Illinois pensioners are facing a haunting reality this Halloween: pension funds are suffering from a 50% under funding burden that is weighing heavily on local and state government budgets. Bond Buyer reports in just one-year public pension liabilities grew by over $17 billion between fiscal year 2015 to 2016.
Illinois published a report by the Public Pension Division of the Illinois Department of Insurance that provides a comprehensive analysis of the 671 public pension funds in the state. The results are as frightening.
The pension-funding deficit effects more than just the pensioner’s financial future but also Illinois’ future access to credit. Moody’s downgraded the 15% of the Illinois portfolio and cited pensions are the primary reason. Moody’s analyst David Levett noted, “Among cities we’ve downgraded, pensions have been the primary ratings driver.” This should come as no surprise.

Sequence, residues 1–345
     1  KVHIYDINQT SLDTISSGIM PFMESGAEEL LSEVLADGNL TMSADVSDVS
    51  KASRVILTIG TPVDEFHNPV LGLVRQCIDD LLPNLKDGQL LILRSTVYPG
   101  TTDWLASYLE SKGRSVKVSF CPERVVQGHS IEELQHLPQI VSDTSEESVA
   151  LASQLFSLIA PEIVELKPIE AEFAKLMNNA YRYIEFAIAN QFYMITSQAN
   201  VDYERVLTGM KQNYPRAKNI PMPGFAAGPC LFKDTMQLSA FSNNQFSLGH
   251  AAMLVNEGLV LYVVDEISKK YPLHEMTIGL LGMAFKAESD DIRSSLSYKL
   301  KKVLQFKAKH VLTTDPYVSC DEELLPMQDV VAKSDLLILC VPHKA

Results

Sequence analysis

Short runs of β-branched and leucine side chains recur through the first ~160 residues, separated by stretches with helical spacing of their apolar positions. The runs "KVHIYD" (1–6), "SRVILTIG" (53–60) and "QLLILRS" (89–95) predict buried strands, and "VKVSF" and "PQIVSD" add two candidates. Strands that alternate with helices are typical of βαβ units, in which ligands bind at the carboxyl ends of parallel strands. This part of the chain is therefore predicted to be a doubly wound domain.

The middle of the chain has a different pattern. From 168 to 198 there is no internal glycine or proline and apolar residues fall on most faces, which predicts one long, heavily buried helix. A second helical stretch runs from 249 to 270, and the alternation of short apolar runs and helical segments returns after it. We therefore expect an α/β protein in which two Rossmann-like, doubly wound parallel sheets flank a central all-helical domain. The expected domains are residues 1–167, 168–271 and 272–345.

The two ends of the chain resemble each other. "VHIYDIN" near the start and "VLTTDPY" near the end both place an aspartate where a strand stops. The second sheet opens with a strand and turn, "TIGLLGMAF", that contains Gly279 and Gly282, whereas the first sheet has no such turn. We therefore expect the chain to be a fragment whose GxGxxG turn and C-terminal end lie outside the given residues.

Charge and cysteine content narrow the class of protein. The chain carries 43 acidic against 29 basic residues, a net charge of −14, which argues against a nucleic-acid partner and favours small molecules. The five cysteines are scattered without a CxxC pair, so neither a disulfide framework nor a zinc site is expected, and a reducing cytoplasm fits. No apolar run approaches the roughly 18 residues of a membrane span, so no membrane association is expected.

The small General Assembly is only funded at 15%, and while this is an example of an exceptionally low, the pension funds for Illinois’s first responders are not far better. The Chicago police fund is funded at 28.2% and the firefighters have a funding level of 23.4%. In total, of all of the large pension funds in Illinois, only five receive funding levels above 50% – none of which exceeds 60%.
Illinois will soon battle for access to capital markets if its bonds continue to be downgraded. Pension liabilities are bad for the future of Illinois and the financial future of Illinois’s pensioners.